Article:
DIY Harvest Basket

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DIY Harvest Basket

A lovely, functional harvest basket allows you to rinse vegetables (or eggs!) immediately after gathering.

By Craig and Elizabeth Williams
September/October 2017

After several years of hauling our beautiful homegrown produce from the garden to the kitchen in grubby old plastic buckets, my husband and I decided that it was time to up our game by treating ourselves to a new harvest basket. After an extensive search of local shops and internet sources failed to turn up exactly what we were looking for, we decided to build our own. The one we built is based on the Maine clam hod — a wood and wire basket used by clam diggers that allows the clams to be rinsed right in the basket, with dirt and water running out through the sides and bottom. Although not traditional, we chose to use green, vinyl-coated hardware cloth to construct our basket simply because we had some small pieces of it on hand, but plain galvanized hardware cloth would work just as well.

Materials & Cut List

If purchasing lumber, a 3-foot-long piece of 1-by-6-inches will be sufficient. From it, or from scraps, cut the following pieces (all measurements in inches):

• 2 end pieces: 1-by-5-1/2-by-8
• 2 side rails 3/4-by-7/8-by-16
• 2 handle supports 1/2-by-1-1/2-by-12
• 1 wood dowel measuring by-17
• 8 wood pegs measuring 5/16-by-1-1/2 (cut from a piece of 5/16-inch wood dowel)
• 1 piece 1/2-inch hardware cloth measuring 16-by-17
• Wood glue
• Fourteen 18-gauge 1/2-inch-crown staples (longer crown staples can be cut to length with a side cutter)
• Two 1-inch brads
• Wood preservative (optional)


• Saw
• Staple gun with 1/2-inch staples
• Wood glue
• Small flush-cut saw, or other small saw to cut wood pegs to fit
• Sandpaper
• Pencil
• Two small wood clamps
• One 18-inch bar clamp
• Hammer
• Tape measure
• Drill
• 5/16-inch drill bit
• 3/4-inch drill bit

1. Gather materials and cut wood pieces to size.

2. Mark lines for radius cuts on bottom corners of each end piece using a quart-sized paint can. Make the cuts. Smooth any rough edges.

3. In each end piece, cut a 3/4-by-1-inch notch in each top corner.

4. Make a 90-degree bend 3/4 inches from the edge of the hardware cloth, along the 16-inch end. Repeat on opposite edge. Using the staple gun, attach one of the bent edges of hardware cloth to one of the side rails.

5. Place one side rail in the notches on both of the end pieces. Drill a 5/16-inch hole for wooden peg in one of the end pieces. Coat peg with glue and insert it into the hole. Repeat for the notch on the opposite end piece. Drill the holes to a depth of 1-1/4 inches. There will be 1/4 inch of peg left to use for handling. The excess can be trimmed flush with the side rail after glue has dried.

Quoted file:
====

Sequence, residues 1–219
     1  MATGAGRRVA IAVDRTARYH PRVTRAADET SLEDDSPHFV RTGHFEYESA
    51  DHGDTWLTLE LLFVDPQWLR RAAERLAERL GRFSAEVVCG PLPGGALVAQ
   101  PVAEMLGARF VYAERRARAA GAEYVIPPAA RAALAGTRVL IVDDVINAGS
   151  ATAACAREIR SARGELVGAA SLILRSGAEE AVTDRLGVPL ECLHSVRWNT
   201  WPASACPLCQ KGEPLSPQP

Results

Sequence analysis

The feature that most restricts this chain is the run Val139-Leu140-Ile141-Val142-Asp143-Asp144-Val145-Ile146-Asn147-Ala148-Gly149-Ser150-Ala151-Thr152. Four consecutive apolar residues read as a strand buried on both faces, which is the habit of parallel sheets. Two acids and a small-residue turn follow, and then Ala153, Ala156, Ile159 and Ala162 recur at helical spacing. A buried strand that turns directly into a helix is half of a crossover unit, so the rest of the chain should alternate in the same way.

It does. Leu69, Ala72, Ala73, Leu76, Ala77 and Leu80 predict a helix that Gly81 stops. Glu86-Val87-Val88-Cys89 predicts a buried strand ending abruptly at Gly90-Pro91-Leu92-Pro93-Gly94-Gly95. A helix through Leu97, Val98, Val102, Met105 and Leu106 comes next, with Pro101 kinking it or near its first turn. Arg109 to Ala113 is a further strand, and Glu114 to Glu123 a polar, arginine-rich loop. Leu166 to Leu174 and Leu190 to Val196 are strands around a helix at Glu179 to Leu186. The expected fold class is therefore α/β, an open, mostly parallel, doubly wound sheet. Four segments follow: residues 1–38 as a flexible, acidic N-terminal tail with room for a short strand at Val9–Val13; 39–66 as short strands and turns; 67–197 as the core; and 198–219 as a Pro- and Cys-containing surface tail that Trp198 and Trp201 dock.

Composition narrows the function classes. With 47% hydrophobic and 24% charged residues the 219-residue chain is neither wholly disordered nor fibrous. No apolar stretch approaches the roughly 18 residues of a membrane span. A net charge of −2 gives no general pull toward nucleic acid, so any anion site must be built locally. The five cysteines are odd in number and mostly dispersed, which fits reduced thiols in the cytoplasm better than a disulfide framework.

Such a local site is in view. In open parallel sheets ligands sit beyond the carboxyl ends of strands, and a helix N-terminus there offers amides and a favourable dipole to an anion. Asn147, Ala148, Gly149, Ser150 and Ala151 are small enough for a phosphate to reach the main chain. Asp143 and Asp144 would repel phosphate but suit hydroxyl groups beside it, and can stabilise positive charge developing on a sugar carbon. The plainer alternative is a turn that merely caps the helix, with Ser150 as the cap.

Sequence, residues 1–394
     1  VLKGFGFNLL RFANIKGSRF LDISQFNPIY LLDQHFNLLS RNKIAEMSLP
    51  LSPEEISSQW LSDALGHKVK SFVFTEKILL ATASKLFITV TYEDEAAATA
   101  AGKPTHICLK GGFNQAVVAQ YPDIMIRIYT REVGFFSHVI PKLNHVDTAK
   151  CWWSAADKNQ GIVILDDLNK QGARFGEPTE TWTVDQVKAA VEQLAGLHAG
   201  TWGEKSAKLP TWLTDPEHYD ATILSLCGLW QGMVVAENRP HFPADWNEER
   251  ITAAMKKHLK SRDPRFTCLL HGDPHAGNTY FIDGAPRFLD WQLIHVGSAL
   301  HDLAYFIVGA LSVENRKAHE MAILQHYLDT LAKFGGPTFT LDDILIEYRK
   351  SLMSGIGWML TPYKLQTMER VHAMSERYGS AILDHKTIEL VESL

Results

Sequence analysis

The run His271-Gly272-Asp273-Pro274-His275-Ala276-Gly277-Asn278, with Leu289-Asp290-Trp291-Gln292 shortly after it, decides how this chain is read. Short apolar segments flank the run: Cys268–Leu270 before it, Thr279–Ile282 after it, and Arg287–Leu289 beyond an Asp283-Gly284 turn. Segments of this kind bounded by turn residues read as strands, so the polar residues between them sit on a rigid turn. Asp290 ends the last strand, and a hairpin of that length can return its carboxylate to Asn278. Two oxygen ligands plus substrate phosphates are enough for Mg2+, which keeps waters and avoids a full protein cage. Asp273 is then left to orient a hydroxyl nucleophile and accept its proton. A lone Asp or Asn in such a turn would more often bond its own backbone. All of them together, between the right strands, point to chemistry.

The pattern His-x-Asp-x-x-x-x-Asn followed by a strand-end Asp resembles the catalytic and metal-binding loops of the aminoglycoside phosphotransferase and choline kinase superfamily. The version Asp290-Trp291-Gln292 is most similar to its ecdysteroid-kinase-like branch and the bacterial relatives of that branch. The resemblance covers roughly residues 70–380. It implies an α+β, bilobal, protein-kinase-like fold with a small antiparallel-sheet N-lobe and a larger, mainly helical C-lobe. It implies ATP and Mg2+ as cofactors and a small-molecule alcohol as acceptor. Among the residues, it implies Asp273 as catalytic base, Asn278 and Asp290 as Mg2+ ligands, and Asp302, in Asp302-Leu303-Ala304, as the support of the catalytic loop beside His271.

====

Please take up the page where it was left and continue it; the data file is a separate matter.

6. Wrap hardware cloth around the end pieces, following the contour of the wood.

7. Position the second side rail in the notches, drill holes, apply glue and install wooden pegs.

8. Place a large clamp across the side rails and allow glue to set for an hour. Remove clamp.

9. Use the hammer and crown staples to attach the hardware cloth to the bottom and sides of the end pieces: Start on the bottom of the end pieces, in the center, and work out toward the sides, smoothing the hardware cloth as you go. Use seven crown staples per end piece. Complete one end piece first, then repeat for the remaining end piece.

10. Drill a 3/4-inch hole in each of the handle supports, centered 3/4-inch from one end — this will be the top of the handle support. Radius the tops of the supports to form a half-round.

11. Stand the basket on one end piece. Center one of the handle supports on the end piece so that the bottom of the support is flush with the bottom of the end piece.

12. Drill one 5/16-inch hole 1-1/2 inches from the bottom of the handle support, and a second hole 1-1/2 inches from the top of the handle support.

13. Apply glue to the back of the handle support and to a wooden peg and install it in one of the holes. Repeat for the second peg. Once the pegs are set, the excess length can be trimmed flush with the handle support.

14. Flip the basket over onto the other end and repeat steps 9 to 11.

15. Install the handle by sliding it through the holes on the handle supports. Secure handle with glue and nail a 1-inch brad through the side of each handle support into the handle.

16. Set the 18-inch bar clamp across the two handle supports and leave the basket overnight so glue can dry thoroughly.

18. After glue has dried, remove the clamp. Your basket is ready to use. If you wish to use a natural wood preservative, do so now, following package instructions.

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